In this photo taken Wednesday, March 9, 2011, Jens Soering speaks during an interview at the Buckingham Correctional Center in Dillwyn, Va. Soering, a former German diplomat's son who is serving life in prison for killing two people, says he is innocent. (Steve Helber/Associated Press)

A central Virginia sheriff called on Gov. Terry McAuliffe (D) this week to pardon convicted double murderer Jens Soering after reviewing the case and concluding that jurors reached the wrong verdict in the German national’s 1990 trial.

“Based on my training and experience, almost every piece of evidence raised by the prosecution is subject to inaccuracies, unreliabilities, and scientific contradictions,” Albemarle County Sheriff J.E. “Chip” Harding wrote this week in a 19-page letter to McAuliffe.

A German diplomat’s son, Soering is serving two life sentences for the 1985 slayings of his girlfriend’s parents in central Virginia. At the time of the murders, he and his girlfriend, Elizabeth Haysom, had been honors students at the University of Virginia.

Soering initially confessed to the crime but later said he was only trying to protect Haysom from the electric chair under the mistaken belief that he had diplomatic immunity because of his father’s position. He was convicted in a sensational 1990 trial that drew international media and gavel-to-gavel coverage on local cable television.

Haysom pleaded guilty to being an accessory before the fact, contending that she helped plan the murders but did not physically take part. She is serving a 90-year sentence at Fluvanna Correctional Center for Women near Charlottesville.

Soering’s supporters have raised questions about the case for decades, noting that Soering got some details of the crime scene wrong and dismissing as “junk science” a bloody sock print that prosecutors said tied him to the case.

Over the years, as Soering gained attention for writing a string of books behind bars, German Chancellor Angela Merkel has pressed for his release. At the urging of the German Embassy and Richmond’s Catholic bishop, Sen. Tim Kaine (D-Va.) agreed when he was governor in 2010 to transfer Soering to a German prison. But his Republican successor, Robert F. McDonnell, stopped the transfer because Soering could have been released after two years.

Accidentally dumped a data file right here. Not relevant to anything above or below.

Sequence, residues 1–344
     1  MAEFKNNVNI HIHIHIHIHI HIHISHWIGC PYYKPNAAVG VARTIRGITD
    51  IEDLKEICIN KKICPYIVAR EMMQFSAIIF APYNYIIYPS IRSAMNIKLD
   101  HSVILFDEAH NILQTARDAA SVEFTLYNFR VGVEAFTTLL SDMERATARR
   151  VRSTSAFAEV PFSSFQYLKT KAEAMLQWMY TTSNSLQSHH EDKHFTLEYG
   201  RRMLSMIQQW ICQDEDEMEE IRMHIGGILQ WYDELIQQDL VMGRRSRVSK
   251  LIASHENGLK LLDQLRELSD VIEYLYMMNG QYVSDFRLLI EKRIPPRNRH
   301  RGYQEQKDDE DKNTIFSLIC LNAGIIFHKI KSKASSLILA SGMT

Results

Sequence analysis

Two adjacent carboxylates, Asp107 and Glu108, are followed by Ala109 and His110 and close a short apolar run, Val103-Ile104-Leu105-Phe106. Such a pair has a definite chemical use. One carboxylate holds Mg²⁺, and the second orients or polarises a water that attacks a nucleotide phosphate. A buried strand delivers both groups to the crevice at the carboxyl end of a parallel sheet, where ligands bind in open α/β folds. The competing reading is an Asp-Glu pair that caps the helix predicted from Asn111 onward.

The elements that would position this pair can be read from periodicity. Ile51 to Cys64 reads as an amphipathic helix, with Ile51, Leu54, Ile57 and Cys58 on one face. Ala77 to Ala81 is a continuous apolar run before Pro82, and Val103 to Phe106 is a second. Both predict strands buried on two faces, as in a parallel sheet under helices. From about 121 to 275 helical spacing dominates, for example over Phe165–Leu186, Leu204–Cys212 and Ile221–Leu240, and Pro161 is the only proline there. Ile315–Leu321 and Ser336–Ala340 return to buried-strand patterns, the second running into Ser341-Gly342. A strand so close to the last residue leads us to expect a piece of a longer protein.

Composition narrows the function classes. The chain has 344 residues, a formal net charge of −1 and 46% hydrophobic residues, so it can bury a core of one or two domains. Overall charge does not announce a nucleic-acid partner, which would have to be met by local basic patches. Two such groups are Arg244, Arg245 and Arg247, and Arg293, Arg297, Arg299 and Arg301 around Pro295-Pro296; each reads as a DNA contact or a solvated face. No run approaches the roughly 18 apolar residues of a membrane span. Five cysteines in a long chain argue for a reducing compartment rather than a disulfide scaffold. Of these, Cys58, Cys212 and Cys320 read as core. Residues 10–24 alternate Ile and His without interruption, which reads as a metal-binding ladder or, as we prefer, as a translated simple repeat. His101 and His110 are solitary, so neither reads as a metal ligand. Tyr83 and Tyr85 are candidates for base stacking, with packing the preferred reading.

The push to release Soering picked up steam in the past year, with the release of a German documentary, “The Promise,” that suggested Haysom committed the murders, perhaps with help from a drug dealer or two. A new blood analysis performed last summer indicated that a man other than Soering was the source of the type O blood found at the home of Derek and Nancy Haysom.

“All I knew of the case was the little bit I had seen in the news over the past few years,” said Harding, who reviewed the case at the request of Soering’s attorney.

Harding said he spent more than 200 hours reading trial transcripts, lab reports, legal briefs, the full state forensics file and multiple books written about the case. He saw the uncut version of “The Promise” and interviewed Soering in prison. Ultimately he was convinced, by a number of factors, that the case did not add up.

Not everyone has been convinced, however.

Maj. Ricky Gardner of the Bedford County Sheriff’s Department, another original investigator, did not immediately respond to a request for comment Wednesday. But as new questions arose last year, he said his faith in the verdict was firm.

“In recent years,” he said in an email last year, “some people have based their feelings of Soering’s innocents on what-ifs and vague hypothesis and not on the facts/evidence presented at his trial.”

In March, the Virginia Parole Board rejected Soering’s request for parole. But he has a pending pardon request before McAuliffe.

McAuliffe spokesman Brian Coy did not immediately respond to a request for comment on Harding’s letter.